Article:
The night before my mom flew to California she stayed at my house so she could be closer to the airport, and so she could drop off her favorite child dachshund, Goliath, who would be spending the week with his favorite cousin Suzanna while Mom was away. Goliath is one of those perfect dogs: he’s cute, he does what he’s told, he doesn’t chew on the furniture, he doesn’t mind staying outside, and he is madly in love with you. Yes, YOU. Yes, I know you haven’t met, but it doesn’t matter. Mere minutes into your relationship he will sit at your feet and gaze up into your eyes Keanu Reaves in…any Keanu Reaves movie.
His only fault, if you can call it that, is the barking. Now, my mother lives in the city limits, but her town is in the foothills of Virginia where it’s not uncommon for one’s driveway to appear to go straight up into the heavens, making it seem as though your house is not really IN the city. This is precisely the situation with my mom’s house. Hence, Goliath is not used to actually seeing cars pass by on a regular basis, and when a car does come near the house it means said car is most likely in the driveway and deserves to be barked at in all manners of ferocity. MY house is on a level cul-de-sac, and while there is certainly not a steady stream of traffic during the day, there are apparently a few people who come and go with regularity. And every time they came and went, Goliath barked at them. A lot.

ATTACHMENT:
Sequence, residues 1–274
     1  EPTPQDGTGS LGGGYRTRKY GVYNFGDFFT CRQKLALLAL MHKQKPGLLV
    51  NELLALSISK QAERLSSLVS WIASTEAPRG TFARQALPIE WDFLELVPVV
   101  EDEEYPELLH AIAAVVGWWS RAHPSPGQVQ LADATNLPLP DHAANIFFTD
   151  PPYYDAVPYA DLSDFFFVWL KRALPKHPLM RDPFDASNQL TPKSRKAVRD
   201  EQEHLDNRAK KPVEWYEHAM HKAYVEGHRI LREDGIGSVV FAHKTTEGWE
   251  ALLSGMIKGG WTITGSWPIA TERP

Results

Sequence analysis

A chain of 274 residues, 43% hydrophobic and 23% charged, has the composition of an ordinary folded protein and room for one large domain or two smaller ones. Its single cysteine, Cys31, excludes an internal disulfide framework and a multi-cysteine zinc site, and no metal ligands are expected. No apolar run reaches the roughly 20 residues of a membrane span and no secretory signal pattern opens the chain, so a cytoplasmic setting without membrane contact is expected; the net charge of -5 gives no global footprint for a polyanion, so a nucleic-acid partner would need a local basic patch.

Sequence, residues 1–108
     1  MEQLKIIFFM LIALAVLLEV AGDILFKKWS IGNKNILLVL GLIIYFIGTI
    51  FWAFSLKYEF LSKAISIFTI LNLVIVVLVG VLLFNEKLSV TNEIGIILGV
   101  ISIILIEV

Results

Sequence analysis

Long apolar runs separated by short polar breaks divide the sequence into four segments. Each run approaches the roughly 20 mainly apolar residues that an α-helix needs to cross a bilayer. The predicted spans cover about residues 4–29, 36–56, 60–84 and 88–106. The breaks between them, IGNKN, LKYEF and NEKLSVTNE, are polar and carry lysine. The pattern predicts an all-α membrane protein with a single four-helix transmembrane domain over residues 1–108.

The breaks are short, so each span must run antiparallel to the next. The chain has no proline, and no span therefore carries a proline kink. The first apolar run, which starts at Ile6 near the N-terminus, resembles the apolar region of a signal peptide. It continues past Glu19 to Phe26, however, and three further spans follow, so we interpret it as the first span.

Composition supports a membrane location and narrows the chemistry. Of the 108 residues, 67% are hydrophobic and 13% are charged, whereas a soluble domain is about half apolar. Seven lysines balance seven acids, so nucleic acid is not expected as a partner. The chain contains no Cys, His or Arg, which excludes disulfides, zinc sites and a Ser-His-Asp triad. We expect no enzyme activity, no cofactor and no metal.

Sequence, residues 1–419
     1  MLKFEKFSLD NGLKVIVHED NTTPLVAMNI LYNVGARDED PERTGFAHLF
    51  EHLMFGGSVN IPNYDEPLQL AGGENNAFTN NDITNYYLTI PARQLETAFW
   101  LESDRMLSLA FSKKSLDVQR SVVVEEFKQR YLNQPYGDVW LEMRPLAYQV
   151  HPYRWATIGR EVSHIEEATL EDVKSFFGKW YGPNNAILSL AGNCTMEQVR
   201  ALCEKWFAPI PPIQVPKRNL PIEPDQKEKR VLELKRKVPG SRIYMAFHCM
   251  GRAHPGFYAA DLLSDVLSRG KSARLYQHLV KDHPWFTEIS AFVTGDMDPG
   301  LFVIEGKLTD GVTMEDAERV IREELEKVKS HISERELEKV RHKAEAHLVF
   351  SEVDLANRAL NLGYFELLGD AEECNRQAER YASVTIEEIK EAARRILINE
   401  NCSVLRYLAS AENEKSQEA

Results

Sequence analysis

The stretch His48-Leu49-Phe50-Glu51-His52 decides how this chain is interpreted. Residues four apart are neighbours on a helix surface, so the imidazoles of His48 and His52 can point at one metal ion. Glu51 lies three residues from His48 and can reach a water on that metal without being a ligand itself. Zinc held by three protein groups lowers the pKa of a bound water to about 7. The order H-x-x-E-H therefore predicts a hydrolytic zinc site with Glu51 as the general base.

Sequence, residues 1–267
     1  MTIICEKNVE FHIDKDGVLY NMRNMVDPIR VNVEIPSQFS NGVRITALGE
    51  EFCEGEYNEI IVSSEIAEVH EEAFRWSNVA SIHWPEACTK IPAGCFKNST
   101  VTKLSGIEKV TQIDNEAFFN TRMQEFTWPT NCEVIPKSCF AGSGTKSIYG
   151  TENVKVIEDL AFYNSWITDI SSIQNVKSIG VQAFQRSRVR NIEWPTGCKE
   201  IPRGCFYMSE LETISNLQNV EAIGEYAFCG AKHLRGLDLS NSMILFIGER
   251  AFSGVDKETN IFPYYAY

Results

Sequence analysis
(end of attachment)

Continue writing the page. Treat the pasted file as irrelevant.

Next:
Or so says my neighbor. I should mention that I love my neighbor. I couldn’t ask for a better neighbor. She is kind and funny and friendly, but not nosy, and we have always had a mutual respect for each other’s privacy, needs, and concerns. But last Monday she was waiting for me when I pulled into my driveway, and she was pissed. Apparently she was working from home on a “report” and had a “deadline” and she “simply could not concentrate for the barking.” I was quite clear on these points, because five minutes into the conversation she had mentioned those three facts about 89 times. And every time I responded, “I’m sorry, but he’s not staying in the house while I’m at work. He’s leaving on Wednesday. I’m sorry.” What I really wanted to say was, “You know, there’s a Panera just up the street. They have free wireless Internet. I’m sure it would be a perfectly quiet place to work.” But I was in a hurry and kept moving closer and closer to my house in an attempt to convey my disinterest in continuing the conversation. After all, there was nothing left for me to say and I did not want to grow increasingly angry at a person whose company I normally enjoy. Meanwhile, the entire time this conversation was taking place, Goliath was gazing up at my neighbor with a look of pure adoration on his face. See above. No wonder he’s Mom’s favorite.